Administrative Prosecution orders investigations into illegal construction on agricultural lands

Bassant Mohammed
3 Min Read

Egypt’s Head of the Administrative Prosecution Authority, Ezzat Abu Zaid, directed, on Wednesday, a speedy completion of investigations in cases related to construction violations and encroachment on agricultural lands and irrigation facilities, stressing that all the violators should be referred to an urgent disciplinary trial.

The Spokesperson for the Administrative Prosecution, Mohamed Samir, explained in a statement that Abu Zaid’s directives include the facts of refraining from taking the prescribed legal measures regarding these violations, and the disciplinary violations that constitute a breach of the state-supported goods system with the aim of addressing these phenomena and reduce its social and economic impacts.

He pointed out that this procedure is consistent with the role played by the Administrative Prosecution in combating financial and administrative corruption, and to activate the Administrative Prosecution role in achieving public and private deterrence and targeting specific crimes that represent a grave danger to the public service.

The statement added that the Administrative Prosecution’s move comes in light of the spread of the phenomenon of construction violations and encroachment on state lands, agricultural lands and irrigation facilities, and the state’s interest in preventing these phenomena and taking all legal measures that ensure limiting and eliminating them because of the imminent danger they pose to citizens’ lives and property as well as its effect on economic and social security.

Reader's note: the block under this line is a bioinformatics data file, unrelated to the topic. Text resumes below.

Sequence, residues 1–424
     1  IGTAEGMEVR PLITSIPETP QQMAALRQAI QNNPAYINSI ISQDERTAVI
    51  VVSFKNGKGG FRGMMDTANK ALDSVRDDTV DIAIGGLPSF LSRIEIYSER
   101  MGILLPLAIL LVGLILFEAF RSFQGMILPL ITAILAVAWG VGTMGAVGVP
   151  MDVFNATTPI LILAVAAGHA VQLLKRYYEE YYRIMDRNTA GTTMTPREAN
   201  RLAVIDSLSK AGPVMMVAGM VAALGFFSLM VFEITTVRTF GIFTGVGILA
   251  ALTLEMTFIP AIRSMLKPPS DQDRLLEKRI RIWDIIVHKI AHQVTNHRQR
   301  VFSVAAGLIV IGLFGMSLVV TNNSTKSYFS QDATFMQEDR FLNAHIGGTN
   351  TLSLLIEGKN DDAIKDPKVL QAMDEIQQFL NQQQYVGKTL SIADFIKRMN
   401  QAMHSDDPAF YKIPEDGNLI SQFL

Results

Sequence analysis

Earlier on Monday, Egypt’s President Abdel Fattah Al-Sisi said that the government, and the army, if necessary, will intervene to remove illegal buildings on irrigation facilities in the vicinity of Nile canals nationwide within the coming six months.

Al-Sisi asserted that the water flow through the Nile’s Rosetta branch in Lower Egypt was reduced from 80 million cbm to 30 million cbm due to violations, saying this affects the quantity of water reaching agricultural lands.

Although violations of buildings on agricultural lands have occurred for many decades, the rate of illegal construction speeded up because of the security vacuum that had been caused following the January 2011 Revolution. 

Egypt has lost more than 400,000 feddan over 40 years, including 90,000 feddan since 2011 due to encroachment activities on the agriculture lands, Prime Minister Mostafa Madbouly previously announced.

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